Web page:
Built-in functionality from the Report Generation Toolkit (RGT) is an awesome way to get started programmatically manipulating Word using LabVIEW. This tutorial will demonstrate how to further customize your report's formatting by creating VIs.
The result of this tutorial is a PDF programmatically generated by LabVIEW:
To start, create a template Word document that will serve as the base for all reports you make. Anything that will be consistent across reports should be included here. This eliminates the need to programmatically add these attributes every time you create a report. In this example, the consistent information is the document header, the DMC logo, and the table names.
Basic Report Using Built-in VIs
To add a table to this document, use the “Append Table to Report” VI provided by the RGT, but, first, you must add bookmarks to the template document in Word. You can achieve this by clicking the spot where you want to add a bookmark and typing “Bookmark” into the search bar. In my example, I added two bookmarks (Table1 and Table2) where I wanted tables inserted.
After that, the “Append Table to Report” VI can be used in conjunction with other NI RGT VIs to write to the bookmarks. The following code is what I used to achieve this:
The result of running this code is shown below.
LabVIEW successfully inserts tables where the bookmarks are placed, but they are not formatted. To add formatting, find VIs that are provided in the “NI_Word” class (pictured below). If you can’t find what you’re looking for in that class, you can create custom formatting VIs. Learn how to do this in the next section.
Customizing Formatting Functionality
If you want functionality that isn’t provided in the RGT toolkit, you can build your own custom VIs. You can do this by utilizing the power of VBA using property nodes in LabVIEW. In this example, I will show you how to format these tables using a “New Table” VI I made.
In this VI, the same “Append Table to Report” VI is used to paste in table data. After that, I find the reference to the table that was just pasted in using the “Word_Bookmark_Table_Exists” VI. Once you have the reference, you can use property nodes to manipulate the table. In the example below, the code is removing the space after each paragraph and setting the column width.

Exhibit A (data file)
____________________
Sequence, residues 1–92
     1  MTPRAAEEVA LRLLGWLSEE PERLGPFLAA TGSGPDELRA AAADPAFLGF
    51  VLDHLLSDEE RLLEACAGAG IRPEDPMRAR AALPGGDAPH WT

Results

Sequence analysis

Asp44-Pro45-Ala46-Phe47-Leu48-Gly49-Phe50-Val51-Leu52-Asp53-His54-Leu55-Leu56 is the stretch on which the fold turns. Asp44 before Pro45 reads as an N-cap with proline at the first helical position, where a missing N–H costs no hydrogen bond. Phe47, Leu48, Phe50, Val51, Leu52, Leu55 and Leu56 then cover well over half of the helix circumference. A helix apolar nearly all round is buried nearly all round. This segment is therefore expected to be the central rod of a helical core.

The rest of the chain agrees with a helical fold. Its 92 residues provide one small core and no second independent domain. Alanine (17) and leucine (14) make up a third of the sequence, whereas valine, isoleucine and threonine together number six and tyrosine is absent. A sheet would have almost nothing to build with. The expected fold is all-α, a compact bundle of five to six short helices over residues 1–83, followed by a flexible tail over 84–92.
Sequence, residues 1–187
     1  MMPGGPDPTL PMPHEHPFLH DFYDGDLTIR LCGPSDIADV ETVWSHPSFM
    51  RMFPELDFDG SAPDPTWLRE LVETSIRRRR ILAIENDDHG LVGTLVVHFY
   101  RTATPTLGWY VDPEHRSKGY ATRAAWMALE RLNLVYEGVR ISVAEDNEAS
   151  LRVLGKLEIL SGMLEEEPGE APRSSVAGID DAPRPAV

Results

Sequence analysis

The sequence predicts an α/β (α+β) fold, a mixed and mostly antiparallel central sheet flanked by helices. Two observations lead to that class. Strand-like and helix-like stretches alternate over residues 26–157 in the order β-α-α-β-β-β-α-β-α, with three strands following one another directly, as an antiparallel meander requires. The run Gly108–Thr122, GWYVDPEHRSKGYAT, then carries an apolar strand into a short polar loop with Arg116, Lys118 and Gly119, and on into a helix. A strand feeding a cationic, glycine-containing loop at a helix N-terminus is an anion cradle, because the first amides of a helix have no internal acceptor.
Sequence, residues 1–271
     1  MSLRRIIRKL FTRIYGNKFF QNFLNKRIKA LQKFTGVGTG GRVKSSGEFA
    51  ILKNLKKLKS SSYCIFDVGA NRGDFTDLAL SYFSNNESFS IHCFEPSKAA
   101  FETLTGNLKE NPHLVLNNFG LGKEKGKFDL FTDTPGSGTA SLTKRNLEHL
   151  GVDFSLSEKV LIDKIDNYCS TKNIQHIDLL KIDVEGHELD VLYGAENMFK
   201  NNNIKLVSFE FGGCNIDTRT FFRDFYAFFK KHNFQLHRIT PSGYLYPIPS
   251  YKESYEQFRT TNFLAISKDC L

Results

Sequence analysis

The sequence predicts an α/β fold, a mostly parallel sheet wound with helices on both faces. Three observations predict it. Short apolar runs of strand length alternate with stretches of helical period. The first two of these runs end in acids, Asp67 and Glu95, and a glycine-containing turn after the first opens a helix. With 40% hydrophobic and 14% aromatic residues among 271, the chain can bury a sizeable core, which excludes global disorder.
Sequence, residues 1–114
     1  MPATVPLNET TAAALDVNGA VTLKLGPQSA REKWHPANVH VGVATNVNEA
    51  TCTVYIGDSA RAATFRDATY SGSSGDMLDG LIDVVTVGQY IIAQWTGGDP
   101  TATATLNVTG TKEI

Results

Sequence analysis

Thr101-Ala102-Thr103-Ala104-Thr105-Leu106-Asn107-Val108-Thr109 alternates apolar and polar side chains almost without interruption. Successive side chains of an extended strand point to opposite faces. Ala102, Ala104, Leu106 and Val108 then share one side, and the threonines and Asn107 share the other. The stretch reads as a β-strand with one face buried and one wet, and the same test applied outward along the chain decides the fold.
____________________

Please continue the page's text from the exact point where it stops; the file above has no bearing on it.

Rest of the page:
This VI will get called in the main VI.
How to Figure Out Which Property Nodes to Use
You may be asking yourself how to figure out which property nodes to use. After all, when you wire the table reference to a property node, there are many options to choose from.
You can figure out what combination of property nodes to use by checking the VBA language reference. For example, if you want to format the amount of space you have after text, you can search “How to remove spacing after text in VBA.” This will bring you to the “SpaceAfter” property in VBA, which allows you to remove spaces using the lines of VBA code below.
ActiveDocument.Range.ParagraphFormat.SpaceAfter = 0
Notice how the property nodes in the New Table VI are identical to the VBA code.
Custom VIs + Built In VIs
Custom VIs can be used in conjunction with built in VIs. A built-in VI was added after the custom VI in the Main VI to bold the first row of the second table (see code below). The RGT VIs will remember the last table that was edited and manipulate only that one. The first table will not have any text bolded in this example.
Exporting as a PDF
To put custom VIs into practice once again, we will walk through an example of saving the report as a PDF. Instead of retrieving the table reference like we did in the last custom VI, the ActiveX Reference for the Word document is retrieved using the “Word Get ActiveX References” VI. The reference is wired to an invoke node where it commands the VI to export the document as a PDF.
You can use the report generation toolkit to create custom functionality and piece it together to achieve a beautiful, dare I say, fancy report. In the screenshot below, all of the code described in previous sections is amalgamated to obtain the desired functionality.
This produces a PDF that is formatted with more customization than reports produced using only RGT VIs.
The default VIs for NI RGT are a great way to quickly save and format data to Word. Using these in conjunction with custom code gives you endless programming possibilities.
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